@Nan G:
    Obama has replied about this very reasonable letter.
    It is NOT balanced.
    http://www.buzzfeed.com/zekejmiller/obama-rejects-boehner-fiscal-cliff-plan
    That’s all Obama said.
    Amazing!

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  11. theBuckWheat says: 11

    The Republicans are on sound economic ground by insisting on not increasing the marginal tax rates. If they are looking for more revenue, then consider that tax-exempt Foundations hold about 4% of the GDP in investments. However, in order to retain their tax-exempt status, they only have to give away 5% of their assets each year.

    Because a competent portfolio manager can normally earn more than 5%, tax-exempt Foundations effectively have eternal life. Foundations have self-appointing Boards, they don’t have any customers who can boycott to object to a policy, and they don’t have shareholders who can vote to oust the CEO.

    If we do not restore mortality to foundations, we will have the Tides, Ford and Soros foundations with us forever.

    The way to bring these foundations to an end, is to force them to be mortal. That is easily done by boosting the payout requirement from 5% to something like 7.5%. In the short run, this will boost the funding these foundations do by quite a bit, but judging from the current mood of the voters, the Republic can stand how that may help the left. In the long run, the Republic will benefit even more. Besides, in this time of tight budgets, can we afford to give wealthy foundations a tax exemption? I notice the left wants to tax away the wealth of those who are productive in society. Rather, I propose that we boost our economy by forcing wealthy foundations to push more wealth out into the economy, where eventually it will boost tax revenues.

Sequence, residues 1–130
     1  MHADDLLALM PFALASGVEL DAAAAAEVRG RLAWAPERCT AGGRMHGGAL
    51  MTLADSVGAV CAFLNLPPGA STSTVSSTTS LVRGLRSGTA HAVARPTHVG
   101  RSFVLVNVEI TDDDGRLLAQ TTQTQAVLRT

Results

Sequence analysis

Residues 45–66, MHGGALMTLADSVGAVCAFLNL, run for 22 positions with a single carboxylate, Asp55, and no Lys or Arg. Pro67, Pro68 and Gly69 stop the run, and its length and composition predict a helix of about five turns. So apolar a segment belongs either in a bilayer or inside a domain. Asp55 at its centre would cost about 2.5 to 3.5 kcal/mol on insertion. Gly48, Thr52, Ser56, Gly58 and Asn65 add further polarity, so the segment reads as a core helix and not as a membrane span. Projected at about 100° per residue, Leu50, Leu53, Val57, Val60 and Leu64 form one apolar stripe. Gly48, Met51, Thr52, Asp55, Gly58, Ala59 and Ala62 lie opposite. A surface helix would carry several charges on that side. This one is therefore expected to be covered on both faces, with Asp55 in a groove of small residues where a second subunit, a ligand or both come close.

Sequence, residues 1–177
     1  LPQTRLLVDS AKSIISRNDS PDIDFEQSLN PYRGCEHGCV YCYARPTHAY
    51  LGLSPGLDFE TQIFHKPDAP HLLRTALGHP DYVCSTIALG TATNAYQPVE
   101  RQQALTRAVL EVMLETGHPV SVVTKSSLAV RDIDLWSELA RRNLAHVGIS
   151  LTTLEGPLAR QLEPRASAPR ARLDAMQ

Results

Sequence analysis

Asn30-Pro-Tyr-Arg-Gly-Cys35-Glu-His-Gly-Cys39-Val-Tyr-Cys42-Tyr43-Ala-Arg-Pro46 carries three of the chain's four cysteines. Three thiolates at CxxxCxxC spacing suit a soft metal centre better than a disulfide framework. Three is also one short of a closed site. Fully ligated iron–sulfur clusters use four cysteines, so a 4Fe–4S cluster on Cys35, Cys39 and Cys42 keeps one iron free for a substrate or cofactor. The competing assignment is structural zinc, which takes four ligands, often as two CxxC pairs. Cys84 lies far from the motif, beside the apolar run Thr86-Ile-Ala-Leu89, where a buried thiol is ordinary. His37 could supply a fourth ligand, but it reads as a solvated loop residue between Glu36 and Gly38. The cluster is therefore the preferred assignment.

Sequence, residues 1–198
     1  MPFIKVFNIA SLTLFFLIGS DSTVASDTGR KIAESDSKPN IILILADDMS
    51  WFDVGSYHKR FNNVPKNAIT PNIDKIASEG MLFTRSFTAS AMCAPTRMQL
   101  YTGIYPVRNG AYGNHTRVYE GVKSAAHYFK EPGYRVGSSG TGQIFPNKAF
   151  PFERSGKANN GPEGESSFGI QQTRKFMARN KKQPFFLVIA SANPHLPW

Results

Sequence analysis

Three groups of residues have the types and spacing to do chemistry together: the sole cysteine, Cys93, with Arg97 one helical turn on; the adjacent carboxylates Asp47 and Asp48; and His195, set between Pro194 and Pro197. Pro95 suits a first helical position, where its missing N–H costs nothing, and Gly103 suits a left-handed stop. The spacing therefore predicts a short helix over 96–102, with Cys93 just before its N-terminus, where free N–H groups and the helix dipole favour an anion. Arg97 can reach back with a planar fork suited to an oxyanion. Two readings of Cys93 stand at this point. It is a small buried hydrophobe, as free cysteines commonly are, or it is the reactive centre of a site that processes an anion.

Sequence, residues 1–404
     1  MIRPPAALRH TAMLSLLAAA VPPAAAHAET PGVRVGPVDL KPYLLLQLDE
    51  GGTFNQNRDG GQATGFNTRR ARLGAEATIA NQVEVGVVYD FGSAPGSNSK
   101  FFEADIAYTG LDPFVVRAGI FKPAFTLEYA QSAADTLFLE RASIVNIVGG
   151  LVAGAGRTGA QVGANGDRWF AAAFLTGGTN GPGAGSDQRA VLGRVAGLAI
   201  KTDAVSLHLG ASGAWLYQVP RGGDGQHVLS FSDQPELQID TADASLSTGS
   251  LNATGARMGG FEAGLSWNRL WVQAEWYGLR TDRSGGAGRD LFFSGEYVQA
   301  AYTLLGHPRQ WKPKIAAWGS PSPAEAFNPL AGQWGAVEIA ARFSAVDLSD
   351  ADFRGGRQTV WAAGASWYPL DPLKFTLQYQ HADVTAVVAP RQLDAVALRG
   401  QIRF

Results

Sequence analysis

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  12. Smorgasbord says: 12

    For those of y0u who know how to PhotoShop, I see a vehicle with obama driving, and Uncle Sam as a passenger, going over a cliff. Who does that remind me of?

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  13. johngalt says: 13

    @Aqua:

    The last figure I saw for 2012 was an estimated $3.25 Trillion non-interest budget. Of that, nearly 40%, or $1.3 Trillion, is slated for Social Security, Medicare, and Medicaid programs. Most of that $1.3 Trillion is likely to be paid benefits to the eligible, but much is also engaged in the administration of those programs, and hence is subject to “baseline budgeting” considerations. Defense is only around $660 Billion, with a small part of that allocated to baseline budgeting considerations.

    Therefore, a conservative estimate of the total federal budget susceptible to “baseline budgeting” is probably around $2.25 Trillion. When we have that amount of the budget that Democrats can use, with the baseline budget futures projections from the CBO, to scare people with and bludgeon the attempts at serious spending overhauls by the Republicans, we see how our budget continues to grow, and grow, and grow, with nothing ever done about it.